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Stolen children, forgotten elders

I am an urban Indian, some of the time, well at least half of the time. I am a major participant in Oshkimaadziig camp, but in order to pay my bills, and seek out the teachers that I need, I have to travel through urban centres.

I am an urban Indian, some of the time, well at least half of the time. I am a major participant in Oshkimaadziig camp, but in order to pay my bills, and seek out the teachers that I need, I have to travel through urban centres.

I’ve lived in and out of Toronto half of my life. I’ve lived on the skids, I’ve lived in shelters, on friends couches, and roomed with friends and family. I spend a lot of my time wandering the streets, mostly alone, with my headphones on, listening to music and thinking.

Lately, I’ve been thinking about our people. Native people that is. I’ve been thinking about my own personal struggle, and as tragic as it has been, it pales in comparison to what our ancestors had to go through. Our ancestors suffered full out massacres, disease, starvation, the “Trail of tears”, and of course the Residential Schools.

But wait, some of our people who went to residential schools are very much alive today. They are our neighbours, they are our cousins, uncles, aunties, grandparents etc. Some of them, if not all of them, have had unimaginable things done to them. Rape, violence, abuse, humiliation, things so terrible I am troubled to even go to those dark places. But they did, and they are still alive.

Some of these people are violent, angry people, who in turn, have done some very disturbing things to other generations. They too may have raped, tortured, and abused their own families and loved ones. (I too, am a victim of sexual assault). But why on earth would they do such things? Because it was what they were taught, by those raping priests and nuns.

I saw a quote from Jay Mason commenting on a picture of young native gangsters. He said “But they are still our kids”. After I saw that comment, it opened up my eyes to what I was blind to before. I criticize everyone for their faults without knowing their story first.

I was walking by the Elders Centre and I remember an encounter that I had last year with a couple of people in there. The people that I talked to had been through the residential school system and they seemed perfectly functional, and then I heard them talk. What I heard was so vile, and hateful, that I just wanted out of there. I was too stunned to sit there, and listen.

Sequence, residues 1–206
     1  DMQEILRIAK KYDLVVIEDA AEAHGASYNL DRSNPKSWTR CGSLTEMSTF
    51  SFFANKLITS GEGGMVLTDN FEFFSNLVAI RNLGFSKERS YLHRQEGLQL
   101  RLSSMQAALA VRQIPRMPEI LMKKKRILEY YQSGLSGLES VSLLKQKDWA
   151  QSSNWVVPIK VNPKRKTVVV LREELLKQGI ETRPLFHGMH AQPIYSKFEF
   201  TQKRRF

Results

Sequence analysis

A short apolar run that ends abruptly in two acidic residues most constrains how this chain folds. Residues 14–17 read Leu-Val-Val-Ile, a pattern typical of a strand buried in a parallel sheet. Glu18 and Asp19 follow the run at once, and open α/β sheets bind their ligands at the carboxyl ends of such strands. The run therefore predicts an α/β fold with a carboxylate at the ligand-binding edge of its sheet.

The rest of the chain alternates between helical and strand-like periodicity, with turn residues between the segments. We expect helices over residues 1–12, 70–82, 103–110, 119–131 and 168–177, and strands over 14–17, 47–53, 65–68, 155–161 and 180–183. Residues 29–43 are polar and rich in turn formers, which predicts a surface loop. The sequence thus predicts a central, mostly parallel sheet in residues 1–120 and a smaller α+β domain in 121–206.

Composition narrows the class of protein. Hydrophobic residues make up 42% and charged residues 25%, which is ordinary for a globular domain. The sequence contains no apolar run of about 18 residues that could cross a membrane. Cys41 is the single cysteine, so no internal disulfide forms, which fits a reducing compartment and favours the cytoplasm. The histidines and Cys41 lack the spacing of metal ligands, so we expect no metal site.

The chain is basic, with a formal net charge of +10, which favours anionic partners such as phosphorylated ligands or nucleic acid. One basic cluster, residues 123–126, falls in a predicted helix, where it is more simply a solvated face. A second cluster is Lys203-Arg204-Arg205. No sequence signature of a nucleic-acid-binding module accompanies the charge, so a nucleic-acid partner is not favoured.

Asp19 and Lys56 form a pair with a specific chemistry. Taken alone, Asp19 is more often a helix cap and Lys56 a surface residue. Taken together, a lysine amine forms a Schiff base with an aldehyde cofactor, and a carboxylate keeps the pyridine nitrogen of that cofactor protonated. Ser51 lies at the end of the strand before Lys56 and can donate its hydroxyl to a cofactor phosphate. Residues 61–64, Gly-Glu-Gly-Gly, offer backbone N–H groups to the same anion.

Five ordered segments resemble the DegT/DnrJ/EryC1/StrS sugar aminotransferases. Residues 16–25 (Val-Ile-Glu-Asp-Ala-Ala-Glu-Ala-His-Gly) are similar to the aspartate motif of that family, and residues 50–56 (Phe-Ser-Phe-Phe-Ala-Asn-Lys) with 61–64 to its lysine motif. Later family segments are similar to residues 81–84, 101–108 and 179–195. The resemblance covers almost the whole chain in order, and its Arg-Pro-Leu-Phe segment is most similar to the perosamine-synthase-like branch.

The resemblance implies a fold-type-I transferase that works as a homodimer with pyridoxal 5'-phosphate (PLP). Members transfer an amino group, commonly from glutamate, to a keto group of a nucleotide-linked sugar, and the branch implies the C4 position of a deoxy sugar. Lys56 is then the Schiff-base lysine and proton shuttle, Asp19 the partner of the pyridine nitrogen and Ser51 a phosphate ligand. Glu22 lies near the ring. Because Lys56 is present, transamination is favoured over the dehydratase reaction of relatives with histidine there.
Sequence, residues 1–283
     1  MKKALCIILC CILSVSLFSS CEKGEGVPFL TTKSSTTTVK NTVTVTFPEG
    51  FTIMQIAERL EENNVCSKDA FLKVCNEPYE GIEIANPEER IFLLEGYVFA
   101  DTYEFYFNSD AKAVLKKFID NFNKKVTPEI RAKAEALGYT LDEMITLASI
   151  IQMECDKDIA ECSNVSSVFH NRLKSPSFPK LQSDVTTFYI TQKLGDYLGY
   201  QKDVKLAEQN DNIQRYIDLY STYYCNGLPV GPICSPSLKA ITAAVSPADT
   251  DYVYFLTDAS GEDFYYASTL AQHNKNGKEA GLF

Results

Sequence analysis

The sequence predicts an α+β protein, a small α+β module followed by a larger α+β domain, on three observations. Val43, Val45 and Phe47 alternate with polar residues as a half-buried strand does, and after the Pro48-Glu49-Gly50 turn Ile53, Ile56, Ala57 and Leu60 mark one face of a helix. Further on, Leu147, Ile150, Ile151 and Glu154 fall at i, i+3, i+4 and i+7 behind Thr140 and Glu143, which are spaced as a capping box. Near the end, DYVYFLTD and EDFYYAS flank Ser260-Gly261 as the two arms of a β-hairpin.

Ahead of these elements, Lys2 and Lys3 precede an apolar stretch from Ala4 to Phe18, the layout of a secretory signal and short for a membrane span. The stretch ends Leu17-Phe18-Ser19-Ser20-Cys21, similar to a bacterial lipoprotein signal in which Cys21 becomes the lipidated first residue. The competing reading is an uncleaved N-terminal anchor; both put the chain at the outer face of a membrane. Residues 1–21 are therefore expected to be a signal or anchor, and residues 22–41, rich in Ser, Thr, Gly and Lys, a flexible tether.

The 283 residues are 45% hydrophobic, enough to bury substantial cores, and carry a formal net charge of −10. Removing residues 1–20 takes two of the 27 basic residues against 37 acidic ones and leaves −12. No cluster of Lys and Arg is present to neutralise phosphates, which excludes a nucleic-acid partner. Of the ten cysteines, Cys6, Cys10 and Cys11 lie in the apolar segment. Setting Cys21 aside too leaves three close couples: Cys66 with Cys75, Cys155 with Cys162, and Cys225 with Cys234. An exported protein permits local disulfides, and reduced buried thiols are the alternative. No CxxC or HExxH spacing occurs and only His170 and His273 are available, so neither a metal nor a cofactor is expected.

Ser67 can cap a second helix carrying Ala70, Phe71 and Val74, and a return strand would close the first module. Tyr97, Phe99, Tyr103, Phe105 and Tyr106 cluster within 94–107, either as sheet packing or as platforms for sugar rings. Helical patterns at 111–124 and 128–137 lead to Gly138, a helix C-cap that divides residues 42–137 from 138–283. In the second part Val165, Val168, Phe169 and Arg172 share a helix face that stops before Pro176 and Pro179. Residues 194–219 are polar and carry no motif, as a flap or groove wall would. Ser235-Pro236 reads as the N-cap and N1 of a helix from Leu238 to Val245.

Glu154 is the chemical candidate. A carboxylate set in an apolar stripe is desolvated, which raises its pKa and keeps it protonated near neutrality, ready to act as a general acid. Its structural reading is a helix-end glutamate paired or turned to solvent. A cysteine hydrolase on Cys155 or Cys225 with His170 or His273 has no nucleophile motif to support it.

So as I was walking by there again, this time thinking about what our Uncle Jay Mason had said about “them still being our people”, it got me thinking about our loss, of entire generation(s). And we continue to lose these generations, because we are too unforgiving. We only see the trauma that some of these survivors may have inflicted upon us.

But are these truly our teachings? No. In the past, there would have been some sort of intervention, healing, reconciliation, recovery and forgiveness. But not today, we point fingers and we accost them. We say mean things to them like calling them “apples”. We oppress them, and what is fundamentally worse, we kick them to the curb and forget about them.

If we are truly serious about healing, then we have to begin to heal ourselves. At least enough to allow the space for forgiveness. This may take a long time, and there are many, many ceremonies, teachings and prayers that can help us along the way.

The Oshkimaadziig people, mentioned in the 7th Fire Prophecy of the Anishinabek, talks about tracing our steps back to the Elders. To learn the teachings of our old ways, to “ensure the survival of humanity in the 8th fire”. Our Residential School Survivors may not be Elders, in the manner of which we envision them. But they are our people, and they are a reminder of an “old way” that should never be forgotten. If we are truly to survive, then we must learn from this, heal from this and be forgivers of this, or history will repeat itself, and we will have to learn this the hard way again.
We can’t move forward without forgiving the past.

Giibwanisi
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